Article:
How to interpret statistics on poverty.
Globalization is good for the poor.
Some public statements in the media on the topic of poverty contain exaggerations and even downright falsehoods. We often get the impression that low-income people are very numerous and that this is a permanent condition for most of them. This perception in fact runs counter to reality. The duration of poverty is one area where social mobility research can provide answers. Greater social mobility is allowing for better adaptation to continuing economic change.
Some of the myths circulated by opponents to Free Trade in the Americas.
"The rich are getting richer, the poor are getting poorer." Here is an oft-repeated assertion that serves as a ready-made conclusion for debates on various topics, from free trade to tax reductions. Indeed, one broadly held view is that economic growth does not benefit the poor. The revenue of the poor might not increase at all or not increase as fast as that of the rich, so that economic growth would create more inequality. What do the facts tell us?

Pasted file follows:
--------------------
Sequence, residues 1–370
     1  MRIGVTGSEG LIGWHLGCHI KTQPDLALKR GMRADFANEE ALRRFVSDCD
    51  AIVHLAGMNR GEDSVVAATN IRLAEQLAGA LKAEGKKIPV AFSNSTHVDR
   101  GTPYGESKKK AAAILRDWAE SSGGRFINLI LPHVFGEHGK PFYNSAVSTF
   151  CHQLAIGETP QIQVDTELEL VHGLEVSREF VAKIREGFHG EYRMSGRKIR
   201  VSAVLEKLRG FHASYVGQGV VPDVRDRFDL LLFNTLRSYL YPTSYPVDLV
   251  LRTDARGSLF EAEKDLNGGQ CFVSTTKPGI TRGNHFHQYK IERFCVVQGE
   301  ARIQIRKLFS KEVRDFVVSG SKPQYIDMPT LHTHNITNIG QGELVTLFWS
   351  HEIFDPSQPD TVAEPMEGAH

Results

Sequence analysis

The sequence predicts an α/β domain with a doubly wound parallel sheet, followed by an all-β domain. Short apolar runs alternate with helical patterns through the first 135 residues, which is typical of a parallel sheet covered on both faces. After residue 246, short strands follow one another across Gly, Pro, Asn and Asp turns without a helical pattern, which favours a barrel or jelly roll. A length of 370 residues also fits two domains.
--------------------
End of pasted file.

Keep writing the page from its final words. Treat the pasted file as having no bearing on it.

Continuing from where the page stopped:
A widely held view suggests that the main function of government is to help the poor. Do the data we have for Canada justify this opinion? Slightly under one-third of spending by all levels of public administration in Canada is devoted to social services, in other words to the various transfer payments supporting individual incomes along with related administrative expenses. If social programs are defined more broadly, we would have to add the 28% of spending that goes to health care and education (in roughly equal proportions). In Canada we thus have about 60% of public spending going toward social programs in the broader sense.
Opponents to the World Trade Organization.